And I couldn’t leave without stopping at Brigham Donuts! They deep fry these little mini donuts right in front of you while you stand in line and then coat them in cinnamon sugar and serve them to you still hot! They literally melt in your mouth! They say they’re made with a “secret ingredient” often used by the pioneers. I have no idea what the secret is, but they are delicious! It’s definitely not cowhide.

Brigham Donuts Heritage Park

Our last stop was at this flower wagon. I was kind of obsessed. I would have loved to get a perfectly posed, frame-able little picture of Will standing in front of the thing, but he was half asleep at that point, so even getting him to smile from the stroller was a little tricky.

Flower Wagon at Heritage Park

So there you have it– our Pioneer Day at Heritage Park. I definitely want to go back next year, and it’ll be even better then because Will will be a little older and Garrett will be here too so I won’t have to tackle the day solo again. Overall, though, I’d call it a success!

 

 

Happy Pioneer Day!

If you’re in Utah, today is a state holiday. If you’re not in Utah, you’re totally missing out! Today commemorates the arrival of the Mormon pioneers in the Salt Lake Valley on July 24, 1847. Since these pioneers were the first to settle the area which later became the state of Utah, it’s celebrated as a secular state holiday throughout Utah (and known to some as “Pie and Beer Day”), though naturally it holds plenty of religious significance as well. So in that way, it’s kind of like Christmas, right?! Maybe not quite, but still a good excuse to get off of work, watch a parade or two, and have some pioneer-themed fun!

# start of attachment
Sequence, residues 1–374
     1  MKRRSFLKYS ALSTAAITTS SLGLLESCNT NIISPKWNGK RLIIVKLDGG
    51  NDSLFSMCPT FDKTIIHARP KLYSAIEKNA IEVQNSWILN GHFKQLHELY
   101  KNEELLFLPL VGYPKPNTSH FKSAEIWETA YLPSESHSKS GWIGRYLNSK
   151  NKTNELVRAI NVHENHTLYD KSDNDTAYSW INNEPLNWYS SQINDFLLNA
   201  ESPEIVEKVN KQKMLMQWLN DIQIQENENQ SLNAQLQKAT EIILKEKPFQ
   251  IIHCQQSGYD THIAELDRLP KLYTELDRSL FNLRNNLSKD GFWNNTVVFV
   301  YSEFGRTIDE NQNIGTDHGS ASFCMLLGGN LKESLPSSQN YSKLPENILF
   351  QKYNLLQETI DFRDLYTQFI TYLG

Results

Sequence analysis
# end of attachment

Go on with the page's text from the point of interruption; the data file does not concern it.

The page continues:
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Photo by Jon Toney (CC0)

All my life, I have loved all things pioneer-related– pioneer stories, the Oregon Trail computer game, the actual Oregon trail, camping in a covered wagon at summer camp, etc. So to get the best pioneer experience, I have decided to celebrate the holiday with Will at This is the Place Heritage Park in Salt Lake City. I’ll be sure to post some pictures next week!

For now, and in honor of Pioneer Day, here are some old-timey, westward-ho thoughts for your enjoyment:

  • Did you know that you can play the original DOS version of The Oregon Trail computer game online for free? Watch out for dysentery!
  • Watch the film 17 Miracles (available to stream on Netflix). It’s a little cheesy, but keep the tissues handy. It’s based on true events and sure to bring a tear or two to your eyes.
  • How cool would it be to stay here?!
  • Maybe this is old news, but studies show no evidence that the Donner Party actually ate each other. (whew! Because cannibalism is just gross.)
  • Last, but not least, have you ever considered yourself to be a pioneer? If not, this video may change your mind.

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Happy Pioneer Day, everyone! Have a safe and blessed weekend!